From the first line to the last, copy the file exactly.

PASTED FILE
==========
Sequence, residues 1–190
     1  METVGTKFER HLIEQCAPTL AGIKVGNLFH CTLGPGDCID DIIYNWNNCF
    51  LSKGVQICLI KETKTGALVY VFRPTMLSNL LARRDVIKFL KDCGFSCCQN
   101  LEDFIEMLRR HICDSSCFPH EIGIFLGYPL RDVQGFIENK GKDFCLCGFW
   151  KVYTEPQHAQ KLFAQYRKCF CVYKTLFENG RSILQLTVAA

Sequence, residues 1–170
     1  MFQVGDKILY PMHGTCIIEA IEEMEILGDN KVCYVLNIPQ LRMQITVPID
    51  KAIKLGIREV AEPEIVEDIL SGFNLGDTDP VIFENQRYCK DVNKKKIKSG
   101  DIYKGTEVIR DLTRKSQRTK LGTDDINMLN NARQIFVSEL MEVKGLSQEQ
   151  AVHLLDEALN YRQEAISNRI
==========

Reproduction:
Sequence, residues 1–190
     1  METVGTKFER HLIEQCAPTL AGIKVGNLFH CTLGPGDCID DIIYNWNNCF
    51  LSKGVQICLI KETKTGALVY VFRPTMLSNL LARRDVIKFL KDCGFSCCQN
   101  LEDFIEMLRR HICDSSCFPH EIGIFLGYPL RDVQGFIENK GKDFCLCGFW
   151  KVYTEPQHAQ KLFAQYRKCF CVYKTLFENG RSILQLTVAA

Sequence, residues 1–170
     1  MFQVGDKILY PMHGTCIIEA IEEMEILGDN KVCYVLNIPQ LRMQITVPID
    51  KAIKLGIREV AEPEIVEDIL SGFNLGDTDP VIFENQRYCK DVNKKKIKSG
   101  DIYKGTEVIR DLTRKSQRTK LGTDDINMLN NARQIFVSEL MEVKGLSQEQ
   151  AVHLLDEALN YRQEAISNRI